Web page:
Authors of science fiction and fantasy often ground their writing in real-life history and social issues. Star Hall, a Chicago author who writes under the pen name Stella Atrium, became so immersed in her research for a science-fiction novel about six years ago, she created a DePaul University class out of it.
"It grew out of a novel about displaced persons and going into a culture you don't understand," says Hall, whose pseudonym is a Latin translation of her real name. Hall is an adjunct professor at DePaul, where she has been teaching in the Department of Writing, Rhetoric and Discourse since 2005. At the time, she was researching for "HeartStone," the second book in her Dolvia Saga fantasy series. "In it, people are pushed off their land and received onto the savanna."
Hall has since taught her Global Perspectives on Undocumented Workers in America class every spring. "It changes every time I teach it," she says. "The topic itself changes — it's not like accounting."
The novels Hall has written as Atrium are also richly varied, populated by characters, heritages and embattled environments derived from all corners of the globe. Reviewer Bob Brinkman from Goodreads aptly calls her work, "anthropological fiction set against a sci-fi backdrop." The Dolvia Saga, which includes "SufferStone," "HeartStone" and "StrikeStone," will eventually total six novels ("ClearStone" is coming out next year). And she has a new stand-alone fantasy novel out now called "Seven Beyond."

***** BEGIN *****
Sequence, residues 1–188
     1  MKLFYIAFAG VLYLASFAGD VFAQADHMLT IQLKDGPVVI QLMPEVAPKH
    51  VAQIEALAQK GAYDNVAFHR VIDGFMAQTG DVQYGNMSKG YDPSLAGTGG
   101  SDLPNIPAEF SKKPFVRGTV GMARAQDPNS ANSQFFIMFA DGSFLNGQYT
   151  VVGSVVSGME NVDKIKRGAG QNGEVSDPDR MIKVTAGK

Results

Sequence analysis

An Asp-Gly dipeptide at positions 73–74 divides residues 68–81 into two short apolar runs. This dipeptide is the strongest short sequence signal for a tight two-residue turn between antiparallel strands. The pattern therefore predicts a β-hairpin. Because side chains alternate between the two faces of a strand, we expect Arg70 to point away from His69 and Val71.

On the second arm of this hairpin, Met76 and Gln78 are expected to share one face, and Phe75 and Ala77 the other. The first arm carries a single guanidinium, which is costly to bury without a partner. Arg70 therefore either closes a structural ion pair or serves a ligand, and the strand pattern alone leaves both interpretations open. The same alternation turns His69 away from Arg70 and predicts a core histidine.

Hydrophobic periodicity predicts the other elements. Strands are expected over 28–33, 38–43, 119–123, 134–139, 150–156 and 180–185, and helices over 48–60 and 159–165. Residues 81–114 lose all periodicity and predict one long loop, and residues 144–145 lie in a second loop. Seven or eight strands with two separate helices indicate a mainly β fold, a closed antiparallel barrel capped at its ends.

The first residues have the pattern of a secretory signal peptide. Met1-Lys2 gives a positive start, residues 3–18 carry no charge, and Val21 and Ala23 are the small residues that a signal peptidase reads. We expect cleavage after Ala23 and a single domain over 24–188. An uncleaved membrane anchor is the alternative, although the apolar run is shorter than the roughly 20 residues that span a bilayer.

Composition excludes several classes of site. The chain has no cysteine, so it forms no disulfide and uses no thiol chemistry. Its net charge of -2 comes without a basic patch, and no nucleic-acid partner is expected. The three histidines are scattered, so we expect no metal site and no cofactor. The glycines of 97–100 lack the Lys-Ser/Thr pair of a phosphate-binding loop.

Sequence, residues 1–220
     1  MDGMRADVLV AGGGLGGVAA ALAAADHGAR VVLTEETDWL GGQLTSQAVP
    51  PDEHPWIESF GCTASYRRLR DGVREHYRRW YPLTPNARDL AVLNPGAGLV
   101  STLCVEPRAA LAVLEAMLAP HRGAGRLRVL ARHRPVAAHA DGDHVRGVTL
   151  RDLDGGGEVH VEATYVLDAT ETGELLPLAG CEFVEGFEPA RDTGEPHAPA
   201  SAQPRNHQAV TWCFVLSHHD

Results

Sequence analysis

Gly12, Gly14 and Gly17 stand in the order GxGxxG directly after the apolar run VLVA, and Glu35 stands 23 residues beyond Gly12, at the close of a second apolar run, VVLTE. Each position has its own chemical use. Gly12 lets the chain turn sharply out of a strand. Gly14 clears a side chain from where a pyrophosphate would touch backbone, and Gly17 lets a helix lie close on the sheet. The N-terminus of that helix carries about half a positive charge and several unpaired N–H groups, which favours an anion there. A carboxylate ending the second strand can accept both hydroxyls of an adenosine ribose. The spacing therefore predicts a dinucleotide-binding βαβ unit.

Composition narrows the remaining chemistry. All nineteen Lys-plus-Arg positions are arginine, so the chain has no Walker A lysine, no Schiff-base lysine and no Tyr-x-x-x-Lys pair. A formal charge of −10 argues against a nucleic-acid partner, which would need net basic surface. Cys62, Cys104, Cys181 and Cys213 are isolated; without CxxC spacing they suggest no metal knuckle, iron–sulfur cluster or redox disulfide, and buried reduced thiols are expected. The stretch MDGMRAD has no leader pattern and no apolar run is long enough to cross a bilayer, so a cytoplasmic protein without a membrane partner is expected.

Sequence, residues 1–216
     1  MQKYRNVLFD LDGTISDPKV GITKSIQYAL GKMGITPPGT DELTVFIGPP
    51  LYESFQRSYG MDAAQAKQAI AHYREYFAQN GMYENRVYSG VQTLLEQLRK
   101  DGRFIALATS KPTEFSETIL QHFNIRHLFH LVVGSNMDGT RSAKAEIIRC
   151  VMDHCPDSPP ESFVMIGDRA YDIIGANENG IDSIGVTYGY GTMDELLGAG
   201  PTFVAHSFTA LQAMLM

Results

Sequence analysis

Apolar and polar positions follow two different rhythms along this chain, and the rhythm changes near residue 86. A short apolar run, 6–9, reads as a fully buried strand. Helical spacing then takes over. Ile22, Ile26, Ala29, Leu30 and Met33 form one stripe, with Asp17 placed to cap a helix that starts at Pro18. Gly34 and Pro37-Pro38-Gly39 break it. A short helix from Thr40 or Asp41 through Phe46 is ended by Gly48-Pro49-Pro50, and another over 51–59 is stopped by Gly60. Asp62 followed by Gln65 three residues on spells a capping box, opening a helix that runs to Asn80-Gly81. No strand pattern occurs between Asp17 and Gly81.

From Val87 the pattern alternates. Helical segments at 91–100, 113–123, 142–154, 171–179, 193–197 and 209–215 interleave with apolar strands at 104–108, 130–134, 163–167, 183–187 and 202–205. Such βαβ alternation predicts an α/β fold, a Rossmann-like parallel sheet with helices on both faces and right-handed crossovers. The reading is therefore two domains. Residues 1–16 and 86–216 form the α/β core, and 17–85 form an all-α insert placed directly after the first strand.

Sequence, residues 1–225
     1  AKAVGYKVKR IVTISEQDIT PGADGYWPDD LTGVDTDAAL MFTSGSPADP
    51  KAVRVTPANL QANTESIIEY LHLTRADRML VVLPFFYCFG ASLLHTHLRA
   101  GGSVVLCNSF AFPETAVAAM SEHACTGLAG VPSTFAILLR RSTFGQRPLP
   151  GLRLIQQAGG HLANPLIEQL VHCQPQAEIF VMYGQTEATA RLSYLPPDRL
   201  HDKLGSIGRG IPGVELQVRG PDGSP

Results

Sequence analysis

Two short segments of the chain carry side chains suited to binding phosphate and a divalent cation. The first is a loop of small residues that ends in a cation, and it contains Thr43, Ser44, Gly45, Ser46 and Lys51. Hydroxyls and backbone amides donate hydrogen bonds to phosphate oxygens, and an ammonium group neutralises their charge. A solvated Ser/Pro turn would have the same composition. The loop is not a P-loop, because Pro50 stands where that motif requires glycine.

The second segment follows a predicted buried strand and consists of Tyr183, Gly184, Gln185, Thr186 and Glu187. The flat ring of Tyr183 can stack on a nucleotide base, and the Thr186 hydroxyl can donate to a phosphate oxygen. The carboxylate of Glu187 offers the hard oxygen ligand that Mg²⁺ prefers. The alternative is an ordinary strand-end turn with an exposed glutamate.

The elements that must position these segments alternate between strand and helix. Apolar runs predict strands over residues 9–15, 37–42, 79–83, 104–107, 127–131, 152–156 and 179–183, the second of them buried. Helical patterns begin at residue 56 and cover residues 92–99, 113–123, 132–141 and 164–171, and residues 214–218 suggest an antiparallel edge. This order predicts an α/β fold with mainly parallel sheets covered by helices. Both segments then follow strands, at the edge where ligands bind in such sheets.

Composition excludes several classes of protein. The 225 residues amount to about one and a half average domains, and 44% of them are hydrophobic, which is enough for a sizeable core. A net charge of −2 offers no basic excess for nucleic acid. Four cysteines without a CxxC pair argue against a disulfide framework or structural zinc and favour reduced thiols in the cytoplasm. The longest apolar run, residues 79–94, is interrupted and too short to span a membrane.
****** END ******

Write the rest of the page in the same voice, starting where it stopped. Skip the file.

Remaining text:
Always a fan of science fiction, Hall says she started writing in part to shake one dominant trend in the genre. "I would read these books and realize that the heroes were (always) boys," she says. "And that didn't make sense to me. Why write in a genre with such wide open space in cultures but still use an orphan boy as the protagonist?"
Providing the science-fiction genre with female protagonists was Hall's first reason to write, but she didn't just populate her books with stock-character heroes who now happened to be women. She approaches all her plots with the intent to show her readers problems women face in the real world and how they uniquely solve them.
Hall, whose favorite authors include Margaret Atwood, Robin Hobb and Elizabeth Moon, says she always puzzled over the solitude of female characters in typical fantasy or sci-fi books. "In the fantasy genre, women are a member of the team," she says. "She is (often) an unusual foreign woman. We know nothing about her." Looking to upend this trend, Hall makes sure her strong female characters aren't singular. "They know aunts, cousins and sisters and other women in community," she says. "I am very interested in women in groups."
"What impresses me most about Stella's writing is her use of rigorous academic research to inform fantasy," says Peter Vandenberg, professor and chair of Writing, Rhetoric and Discourse at DePaul University. "She has a keen sense of the inseparable relationship between inquiry and good storytelling." He says that Hall's love for research is apparent in her novels — and inspiring in the classroom. "Stella's expertise as a fantasy writer, rhetorician and researcher allows her to help students break through some tired old ideas about the 'creative writer.'"
Kristin Kloberdanz is a freelance writer.
By Stella Atrium, self-published, 295 pages, 99 cents
Copyright © 2014, Chicago Tribune